WWE Raw: Can Daniel Bryan Truly Carry the 'Yes Movement'?

Tyler GroteCorrespondent IIJanuary 28, 2014

Stephanie McMahon, Executive Vice President, Creative for WWE,  arrives at the Superstars of Hope honors Make A Wish Foundation event at The Beverly Hills Hotel on Thursday, August 15, 2013 in Beverly Hills, Calif. (Photo by Paul A. Hebert/Invision/AP)
Paul A. Hebert/Associated Press

Question: Are you chanting "Yes!" because you're genuinely a fan of Daniel Bryan, or are you doing it to illustrate your disgust for creative?

It's relatively easy to blast the decisions made by WWE creative of late, but it's a brutal mistake to assume The Authority isn't playing along. We may have a plethora of creative adjectives to describe Triple H and Stephanie McMahon, but stupid shouldn't be one of them.

They know what's happening. And rather than own up to recent poor booking, it looks as if they're going to turn the "Yes Movement" inward to begin its inevitable unraveling. And in my opinion, that is entirely possible, for two very obvious reasons:

1) Not every crowd can replicate the efforts of Seattle and Pittsburgh.
2) Daniel Bryan isn't good enough on the mic to carry this.

Reason why No. 1 is so important: Unless the Universe can articulate its disappointment to the magnitude of Pittsburgh, expect The Authority to soak up every cheap pop that Batista's 50-plus fireworks entrance can muster. Expect creative to be content with John Cena being the company's top face, so long as "Let's go Cena!" precedes "Cena sucks!"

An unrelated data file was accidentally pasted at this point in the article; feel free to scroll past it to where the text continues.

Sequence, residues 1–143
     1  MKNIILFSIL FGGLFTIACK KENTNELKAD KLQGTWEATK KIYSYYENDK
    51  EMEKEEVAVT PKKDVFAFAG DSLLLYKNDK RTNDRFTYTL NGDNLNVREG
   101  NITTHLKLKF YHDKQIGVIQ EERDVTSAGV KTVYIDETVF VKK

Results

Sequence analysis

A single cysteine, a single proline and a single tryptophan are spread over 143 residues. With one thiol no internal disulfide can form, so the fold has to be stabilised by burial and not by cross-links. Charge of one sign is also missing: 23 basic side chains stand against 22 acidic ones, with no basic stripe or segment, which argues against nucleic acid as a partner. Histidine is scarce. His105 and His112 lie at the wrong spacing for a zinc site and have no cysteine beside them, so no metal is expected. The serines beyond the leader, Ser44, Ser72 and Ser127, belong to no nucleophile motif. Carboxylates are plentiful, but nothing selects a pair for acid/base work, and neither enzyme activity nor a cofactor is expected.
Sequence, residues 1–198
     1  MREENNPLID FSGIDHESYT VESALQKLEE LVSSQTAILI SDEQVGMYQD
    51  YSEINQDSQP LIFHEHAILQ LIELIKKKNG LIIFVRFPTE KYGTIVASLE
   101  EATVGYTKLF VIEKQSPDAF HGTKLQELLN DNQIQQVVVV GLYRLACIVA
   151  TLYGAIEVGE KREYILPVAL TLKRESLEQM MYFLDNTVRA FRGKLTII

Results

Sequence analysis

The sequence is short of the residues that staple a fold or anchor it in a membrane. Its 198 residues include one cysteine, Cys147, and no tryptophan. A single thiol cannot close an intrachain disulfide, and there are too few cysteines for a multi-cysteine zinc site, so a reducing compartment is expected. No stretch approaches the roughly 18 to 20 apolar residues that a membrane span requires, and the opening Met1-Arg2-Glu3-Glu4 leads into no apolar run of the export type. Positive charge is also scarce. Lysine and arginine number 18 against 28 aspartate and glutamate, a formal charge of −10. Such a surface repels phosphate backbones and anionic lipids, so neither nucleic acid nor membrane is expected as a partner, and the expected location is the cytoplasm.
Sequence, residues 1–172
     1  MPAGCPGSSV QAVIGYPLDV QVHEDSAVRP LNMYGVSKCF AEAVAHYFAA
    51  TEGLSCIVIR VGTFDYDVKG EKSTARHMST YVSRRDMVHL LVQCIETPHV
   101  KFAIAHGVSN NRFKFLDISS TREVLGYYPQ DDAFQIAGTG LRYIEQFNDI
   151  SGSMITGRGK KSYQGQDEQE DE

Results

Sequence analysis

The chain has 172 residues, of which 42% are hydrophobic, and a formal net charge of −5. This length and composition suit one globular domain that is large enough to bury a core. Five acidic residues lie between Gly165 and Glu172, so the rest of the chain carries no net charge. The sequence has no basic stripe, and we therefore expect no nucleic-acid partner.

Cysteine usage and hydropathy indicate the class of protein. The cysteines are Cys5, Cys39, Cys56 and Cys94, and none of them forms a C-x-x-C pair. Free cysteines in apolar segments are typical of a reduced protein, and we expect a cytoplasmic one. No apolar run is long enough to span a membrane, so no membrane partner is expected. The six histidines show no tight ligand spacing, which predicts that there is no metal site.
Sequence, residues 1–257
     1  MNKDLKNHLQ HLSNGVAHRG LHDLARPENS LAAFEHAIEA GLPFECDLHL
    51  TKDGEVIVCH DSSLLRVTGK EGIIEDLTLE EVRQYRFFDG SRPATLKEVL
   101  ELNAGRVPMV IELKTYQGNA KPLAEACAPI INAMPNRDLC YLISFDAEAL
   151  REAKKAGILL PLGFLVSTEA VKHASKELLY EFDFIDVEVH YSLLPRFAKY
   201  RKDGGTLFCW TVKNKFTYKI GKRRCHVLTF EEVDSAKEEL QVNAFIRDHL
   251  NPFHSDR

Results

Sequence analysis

So long as the fans continue to give writers anything, as weak as it is, they'll have grounds to label their ideas a success. And last night was a pretty big step back, mainly because Cleveland unfortunately lived up to every negative stereotype about itself.

How hard is it to coordinate a "Yes!" chant? "Dan-iel Bry-an!" seems relatively easy to shout in unison. But Cleveland appeared to struggle, so much to the point that The Authority took the opportunity to poke fun at the crowd while thoroughly dismantling Bryan on the mic.

By the way, if you're from Cleveland, don't be offended. I'm from Cincinnati, we follow the script here too—cheer the faces, boo the heels, sit, stand when told. 

The second point, if not painstakingly obvious prior to last night, became irrefutable on Raw. Fans of Daniel Bryan, and I do consider myself one of them, there is simply no mistaking that mediocrity is Bryan's ceiling, at least on the mic.

And for that, I do not think he's capable of carrying this movement. In fact, notice how the cheers sometimes get noticeably weaker when he's calling for them. And he's calling for them virtually every other sentence.

Daniel Bryan is phenomenal as a character of empathy. That's where he draws his support, that's why most of us can pull for him. He's the little guy with a heart thrice his size and a desire to put on for paid admission. He's the guy being blocked by the creative team none of us can stand—that is the appeal.

But most of that evaporates when he gets on the mic and can do no better than to acknowledge how popular he's become. And again, I'm confident Triple H and Stephanie recognize as much.